AAdvantage® miles needed for a one-way business class flight: 80,000 + $5.60

One-way (half of round trip) cost with cash: $2,327

Value per mile: 2.9 cents

Approximate Bask Savings Account Balance for one year to earn 80,000 miles: $54,000

What $54,000 would earn at 1.7% APY: $918

Tax on $918 of interest if you earned cash interest at 40%: $367.20

Total money in your pocket on that 1.7% Cash Savings account for $54,000 on deposit for one year: $550.80

Tax you’d pay on the miles earned at Bask Bank (Assuming a 0.42 cent value per mile): $226.80

Totals:

Pay $1,776 in cash using bank interest as a discount ($2,327 cash minus $550.80 in interest income after tax) using a 1.7% savings account.

-or-

Pay an effective $783.20 ($226.80 in income tax on the miles plus the “opportunity cost” of that $550.80 in after-tax interest income plus the $5.60 in tax on the award ticket) by putting the same money in Bask Bank for one year.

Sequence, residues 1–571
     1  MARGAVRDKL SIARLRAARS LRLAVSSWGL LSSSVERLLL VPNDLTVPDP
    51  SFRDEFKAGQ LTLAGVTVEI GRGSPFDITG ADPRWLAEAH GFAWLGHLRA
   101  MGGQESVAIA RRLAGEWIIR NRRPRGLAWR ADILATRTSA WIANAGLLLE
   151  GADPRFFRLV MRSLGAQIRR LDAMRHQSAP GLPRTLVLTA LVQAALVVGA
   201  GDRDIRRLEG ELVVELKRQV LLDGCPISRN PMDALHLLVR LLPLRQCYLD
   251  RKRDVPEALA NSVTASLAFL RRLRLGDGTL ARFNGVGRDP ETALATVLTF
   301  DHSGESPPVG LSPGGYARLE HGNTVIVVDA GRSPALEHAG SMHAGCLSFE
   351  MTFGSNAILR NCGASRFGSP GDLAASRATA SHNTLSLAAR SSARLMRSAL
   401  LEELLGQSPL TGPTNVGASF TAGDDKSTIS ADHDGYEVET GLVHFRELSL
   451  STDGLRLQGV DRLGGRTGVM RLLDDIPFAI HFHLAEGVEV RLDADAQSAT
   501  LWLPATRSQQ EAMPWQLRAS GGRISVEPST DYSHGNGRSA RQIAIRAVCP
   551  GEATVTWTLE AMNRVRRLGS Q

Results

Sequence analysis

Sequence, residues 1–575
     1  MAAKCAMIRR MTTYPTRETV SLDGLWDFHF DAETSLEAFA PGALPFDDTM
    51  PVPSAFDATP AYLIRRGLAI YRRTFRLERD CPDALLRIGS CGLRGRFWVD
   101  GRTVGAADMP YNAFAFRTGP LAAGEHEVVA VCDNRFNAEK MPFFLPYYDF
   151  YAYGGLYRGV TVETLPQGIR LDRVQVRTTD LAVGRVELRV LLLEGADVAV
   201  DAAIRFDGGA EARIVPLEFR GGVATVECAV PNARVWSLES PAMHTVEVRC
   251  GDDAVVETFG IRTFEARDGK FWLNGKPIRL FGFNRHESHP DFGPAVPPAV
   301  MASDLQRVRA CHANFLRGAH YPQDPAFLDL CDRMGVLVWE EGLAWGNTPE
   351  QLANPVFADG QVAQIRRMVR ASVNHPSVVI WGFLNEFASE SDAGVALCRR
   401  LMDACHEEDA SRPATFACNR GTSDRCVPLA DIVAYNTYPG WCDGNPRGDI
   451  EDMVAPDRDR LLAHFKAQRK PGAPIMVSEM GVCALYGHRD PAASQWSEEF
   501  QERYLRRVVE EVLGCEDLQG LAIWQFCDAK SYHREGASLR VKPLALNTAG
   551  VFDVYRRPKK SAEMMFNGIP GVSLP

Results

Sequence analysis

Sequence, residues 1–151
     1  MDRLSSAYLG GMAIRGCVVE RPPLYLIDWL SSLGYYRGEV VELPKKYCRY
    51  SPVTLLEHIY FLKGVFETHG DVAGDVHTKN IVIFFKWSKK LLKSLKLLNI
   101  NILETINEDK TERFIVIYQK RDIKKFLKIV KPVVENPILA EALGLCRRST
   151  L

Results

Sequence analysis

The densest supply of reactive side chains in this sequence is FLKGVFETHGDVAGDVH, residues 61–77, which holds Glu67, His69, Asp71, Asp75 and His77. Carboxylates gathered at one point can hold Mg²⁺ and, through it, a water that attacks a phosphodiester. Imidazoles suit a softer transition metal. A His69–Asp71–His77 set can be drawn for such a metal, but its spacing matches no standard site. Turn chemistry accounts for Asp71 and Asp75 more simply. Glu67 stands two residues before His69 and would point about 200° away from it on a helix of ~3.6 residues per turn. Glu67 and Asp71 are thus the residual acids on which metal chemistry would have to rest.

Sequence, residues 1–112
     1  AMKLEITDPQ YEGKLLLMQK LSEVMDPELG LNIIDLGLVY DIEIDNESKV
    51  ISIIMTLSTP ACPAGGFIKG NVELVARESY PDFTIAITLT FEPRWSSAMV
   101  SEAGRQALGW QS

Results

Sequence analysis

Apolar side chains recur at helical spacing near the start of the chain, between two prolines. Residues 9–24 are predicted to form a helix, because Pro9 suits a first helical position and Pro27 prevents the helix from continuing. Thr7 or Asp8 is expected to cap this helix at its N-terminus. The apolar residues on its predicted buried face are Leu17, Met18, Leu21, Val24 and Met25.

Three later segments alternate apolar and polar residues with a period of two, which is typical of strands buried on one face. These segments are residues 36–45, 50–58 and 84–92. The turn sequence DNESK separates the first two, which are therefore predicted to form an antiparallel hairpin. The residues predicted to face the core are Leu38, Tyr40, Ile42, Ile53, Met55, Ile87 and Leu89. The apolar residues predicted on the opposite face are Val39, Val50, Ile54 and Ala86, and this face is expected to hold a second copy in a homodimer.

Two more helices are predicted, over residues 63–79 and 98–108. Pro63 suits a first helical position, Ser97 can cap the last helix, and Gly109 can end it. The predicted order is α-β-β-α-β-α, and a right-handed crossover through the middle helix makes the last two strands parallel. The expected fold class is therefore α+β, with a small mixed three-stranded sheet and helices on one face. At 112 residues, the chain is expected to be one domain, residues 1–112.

In this example, it is $1,000 cheaper per ticket putting the same $54,000 to work in a Bask Savings Account vs. in a 1.7% APY high-yield savings.

Redemption #2: The Etihad First Class Apartment to the Middle East or Africa

Did you know that when using AAdvantage® miles you can route via Doha on Qatar Airways or via Abu Dhabi on Etihad to Africa? When you are flying up front, it’s not a bad way to do.

If you want to see just how opulent the experience is, please see my review of the Etihad First Class Apartment.

Etihad First Class Apartment

Etihad First Class Apartment

If you leave from JFK on one of Etihad’s A380 aircraft with a First Class Apartment, you’d enjoy that for the 13-hour flight to Abu Dhabi.